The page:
Japanese electronics manufacturer Panasonic Corp.’s previously announced 17,000 job cuts would be the same in percentage terms for its Japanese and overseas employees, according to media reports citing Panasonic’s president Fumio Ohtsubo.
Finnish stainless steel manufacturer Outokumpu said on Wednesday that it planned to cut 350 jobs as part of a global cost-cutting program. The cuts include 90 lost jobs in Finland and 80 in Sweden, the company said, but did not specify layoff figures in other countries. Outokumpu employs 8,100 people in in 34 countries.
Executives at the GM plant in Tonawanda announced the layoffs of 59 permanent, full-time employees Thursday and Friday as a direct result of the catastrophe in Japan. The laid off workers are part of the UAW Local 774 and should be eligible for various unemployment benefits.
Nissan Motor Company Ltd. on Monday said it plans to cut 20,000 workers worldwide because of losses stemming from the global recession.
The Japanese automaker said the reductions, which will take place over the next year, are part of a cost-savings effort that includes job sharing, eliminating car lines and reorganizing corporate divisions. The job cuts, about 60 percent of which will come in Japan, represent nearly 9 percent of the automaker’s 235,000-member work force.
Fujitsu Ltd., a Japanese maker of chips for servers, mobile phones and flat-panel TVs, this month said it plans to cut about 400 jobs at its domestic factories by the end of March.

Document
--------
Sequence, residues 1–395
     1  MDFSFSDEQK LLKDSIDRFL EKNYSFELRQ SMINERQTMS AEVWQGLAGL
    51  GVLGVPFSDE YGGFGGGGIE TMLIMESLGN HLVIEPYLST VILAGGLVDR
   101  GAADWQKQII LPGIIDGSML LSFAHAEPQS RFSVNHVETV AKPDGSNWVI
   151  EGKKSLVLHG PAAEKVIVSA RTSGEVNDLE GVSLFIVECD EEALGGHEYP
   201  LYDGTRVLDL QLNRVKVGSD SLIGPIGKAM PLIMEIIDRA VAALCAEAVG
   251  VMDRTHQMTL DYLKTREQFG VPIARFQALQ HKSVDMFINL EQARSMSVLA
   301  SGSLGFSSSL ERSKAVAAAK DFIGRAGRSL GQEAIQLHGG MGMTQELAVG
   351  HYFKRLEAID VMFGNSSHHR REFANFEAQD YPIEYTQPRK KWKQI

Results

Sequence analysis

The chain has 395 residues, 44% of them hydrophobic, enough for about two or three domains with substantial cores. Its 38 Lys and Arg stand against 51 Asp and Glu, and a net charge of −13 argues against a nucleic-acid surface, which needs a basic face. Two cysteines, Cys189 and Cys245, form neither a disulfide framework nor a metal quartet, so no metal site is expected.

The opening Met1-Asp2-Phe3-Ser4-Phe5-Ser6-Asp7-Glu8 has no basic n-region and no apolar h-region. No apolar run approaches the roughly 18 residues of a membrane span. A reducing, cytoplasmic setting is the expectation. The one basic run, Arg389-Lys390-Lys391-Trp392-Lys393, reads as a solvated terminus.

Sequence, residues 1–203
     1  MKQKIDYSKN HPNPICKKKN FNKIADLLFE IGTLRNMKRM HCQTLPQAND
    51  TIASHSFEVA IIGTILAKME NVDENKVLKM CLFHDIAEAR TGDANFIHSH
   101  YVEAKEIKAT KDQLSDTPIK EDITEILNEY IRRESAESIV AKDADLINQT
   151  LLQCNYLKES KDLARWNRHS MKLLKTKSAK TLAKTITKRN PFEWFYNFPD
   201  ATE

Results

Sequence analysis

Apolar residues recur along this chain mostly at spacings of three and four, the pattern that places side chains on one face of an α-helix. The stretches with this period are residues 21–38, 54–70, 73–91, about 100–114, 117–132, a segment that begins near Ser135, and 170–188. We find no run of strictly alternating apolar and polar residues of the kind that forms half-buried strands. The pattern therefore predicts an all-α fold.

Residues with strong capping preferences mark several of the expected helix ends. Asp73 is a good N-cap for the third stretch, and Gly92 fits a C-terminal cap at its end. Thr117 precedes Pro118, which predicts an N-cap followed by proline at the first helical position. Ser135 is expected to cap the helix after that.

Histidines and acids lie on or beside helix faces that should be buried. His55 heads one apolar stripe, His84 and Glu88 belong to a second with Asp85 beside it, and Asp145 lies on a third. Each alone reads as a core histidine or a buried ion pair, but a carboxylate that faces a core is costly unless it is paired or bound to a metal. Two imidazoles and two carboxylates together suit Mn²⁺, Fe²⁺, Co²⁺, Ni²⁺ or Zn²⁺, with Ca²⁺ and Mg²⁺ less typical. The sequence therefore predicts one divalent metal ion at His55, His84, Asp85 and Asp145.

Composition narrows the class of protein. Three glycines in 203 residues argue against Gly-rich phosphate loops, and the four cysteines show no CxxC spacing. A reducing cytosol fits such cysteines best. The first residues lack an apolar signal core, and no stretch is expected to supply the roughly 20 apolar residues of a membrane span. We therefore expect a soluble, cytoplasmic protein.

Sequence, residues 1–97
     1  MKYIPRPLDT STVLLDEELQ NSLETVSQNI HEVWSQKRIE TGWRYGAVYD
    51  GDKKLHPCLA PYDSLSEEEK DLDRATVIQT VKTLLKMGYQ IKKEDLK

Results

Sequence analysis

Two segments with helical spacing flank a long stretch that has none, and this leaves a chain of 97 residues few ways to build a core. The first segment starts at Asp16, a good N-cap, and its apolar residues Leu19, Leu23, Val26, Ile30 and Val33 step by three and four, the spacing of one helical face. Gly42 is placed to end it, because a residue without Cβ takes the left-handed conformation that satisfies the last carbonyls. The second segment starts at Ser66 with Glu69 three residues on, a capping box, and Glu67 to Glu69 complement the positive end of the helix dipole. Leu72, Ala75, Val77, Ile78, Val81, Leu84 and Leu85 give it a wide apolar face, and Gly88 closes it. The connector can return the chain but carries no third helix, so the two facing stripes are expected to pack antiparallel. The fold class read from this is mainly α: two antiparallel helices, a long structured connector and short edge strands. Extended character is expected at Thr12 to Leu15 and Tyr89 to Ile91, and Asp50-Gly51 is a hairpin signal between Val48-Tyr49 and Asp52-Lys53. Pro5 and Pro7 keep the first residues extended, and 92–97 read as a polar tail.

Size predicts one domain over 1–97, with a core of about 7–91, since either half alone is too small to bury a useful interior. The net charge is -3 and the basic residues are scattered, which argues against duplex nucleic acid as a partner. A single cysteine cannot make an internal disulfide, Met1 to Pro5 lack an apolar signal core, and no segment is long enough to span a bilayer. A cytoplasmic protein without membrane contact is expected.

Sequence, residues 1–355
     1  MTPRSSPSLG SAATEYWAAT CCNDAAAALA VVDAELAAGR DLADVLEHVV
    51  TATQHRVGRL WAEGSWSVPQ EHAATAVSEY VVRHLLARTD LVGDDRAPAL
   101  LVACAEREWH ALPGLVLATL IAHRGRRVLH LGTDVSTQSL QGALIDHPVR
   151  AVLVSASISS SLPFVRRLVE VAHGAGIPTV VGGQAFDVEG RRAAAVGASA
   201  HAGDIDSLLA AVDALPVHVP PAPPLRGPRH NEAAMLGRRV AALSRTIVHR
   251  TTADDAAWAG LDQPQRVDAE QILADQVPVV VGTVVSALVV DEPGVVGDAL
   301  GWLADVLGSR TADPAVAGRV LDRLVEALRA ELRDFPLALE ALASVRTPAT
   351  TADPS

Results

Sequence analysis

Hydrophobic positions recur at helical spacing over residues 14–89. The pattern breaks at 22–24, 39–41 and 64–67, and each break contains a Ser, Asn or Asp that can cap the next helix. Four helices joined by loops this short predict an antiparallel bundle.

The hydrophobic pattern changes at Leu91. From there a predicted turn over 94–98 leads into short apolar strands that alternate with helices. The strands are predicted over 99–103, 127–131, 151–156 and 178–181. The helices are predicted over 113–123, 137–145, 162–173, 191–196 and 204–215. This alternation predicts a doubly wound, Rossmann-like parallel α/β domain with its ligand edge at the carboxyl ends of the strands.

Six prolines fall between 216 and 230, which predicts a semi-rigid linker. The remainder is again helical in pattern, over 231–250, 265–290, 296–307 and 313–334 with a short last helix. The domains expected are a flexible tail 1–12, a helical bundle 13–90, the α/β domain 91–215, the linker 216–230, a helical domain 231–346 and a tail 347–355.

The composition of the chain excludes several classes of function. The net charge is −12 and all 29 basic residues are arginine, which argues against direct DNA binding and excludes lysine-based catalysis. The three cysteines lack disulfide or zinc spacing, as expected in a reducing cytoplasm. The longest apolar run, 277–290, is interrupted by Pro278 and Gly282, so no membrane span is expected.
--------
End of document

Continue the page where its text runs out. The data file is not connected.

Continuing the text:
Sharp Corp., Japan’s biggest maker of liquid-crystal-display televisions, won’t renew contracts of 160 workers starting January, spokeswoman Miyuki Nakayama said.
Rohm Co., which in October bought a 95 percent stake in Oki Electric Industry Co.’s chip unit, last month said full-time job cuts will total 500 employees by March 31. The newly purchased unit will lose about 600 people, or 10 percent of the unit’s workforce, it said.
Sanyo Electric Co., whose photonics business makes chips for lasers, will cut 460 temporary jobs by March 31. The Osaka-based company’s electronic devices unit will bear the brunt of the cuts, losing 180 workers.
Renesas Technology Corp., the world’s largest privately held chipmaker, said it plans to cut 1,000 temporary jobs by March 31, eliminating all such workers.
The Tokyo-based company has about 26,000 full-time employees, spokesman Hirotaka Ohno said by telephone today. He declined to comment on the extent of personnel cuts prior to the 1,000 jobs that will be eliminated from January.